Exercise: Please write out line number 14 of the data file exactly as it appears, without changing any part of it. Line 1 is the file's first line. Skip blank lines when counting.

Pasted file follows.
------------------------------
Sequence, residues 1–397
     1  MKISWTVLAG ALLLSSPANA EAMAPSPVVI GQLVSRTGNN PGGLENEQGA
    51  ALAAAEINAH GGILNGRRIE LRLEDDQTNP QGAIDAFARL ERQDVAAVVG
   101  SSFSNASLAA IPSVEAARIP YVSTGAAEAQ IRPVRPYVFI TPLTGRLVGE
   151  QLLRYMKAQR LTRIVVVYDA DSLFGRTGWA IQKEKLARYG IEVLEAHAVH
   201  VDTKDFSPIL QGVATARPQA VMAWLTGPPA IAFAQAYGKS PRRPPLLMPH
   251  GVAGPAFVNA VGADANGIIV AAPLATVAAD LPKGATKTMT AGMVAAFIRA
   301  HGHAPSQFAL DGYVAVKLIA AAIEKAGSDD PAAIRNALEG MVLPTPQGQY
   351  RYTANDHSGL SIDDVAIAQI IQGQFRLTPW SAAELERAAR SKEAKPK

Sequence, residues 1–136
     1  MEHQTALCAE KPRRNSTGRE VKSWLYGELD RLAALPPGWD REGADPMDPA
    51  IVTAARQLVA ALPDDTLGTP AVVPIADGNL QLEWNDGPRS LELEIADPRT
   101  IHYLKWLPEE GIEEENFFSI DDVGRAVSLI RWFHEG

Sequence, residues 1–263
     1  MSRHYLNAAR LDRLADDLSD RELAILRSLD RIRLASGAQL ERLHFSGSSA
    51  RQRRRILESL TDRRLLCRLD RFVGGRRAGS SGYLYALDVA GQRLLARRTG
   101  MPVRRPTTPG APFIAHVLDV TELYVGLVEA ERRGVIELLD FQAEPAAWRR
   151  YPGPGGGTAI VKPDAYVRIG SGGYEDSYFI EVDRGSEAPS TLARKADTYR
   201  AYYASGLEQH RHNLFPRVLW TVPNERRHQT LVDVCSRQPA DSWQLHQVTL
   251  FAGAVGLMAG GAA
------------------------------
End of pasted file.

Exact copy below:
Sequence, residues 1–263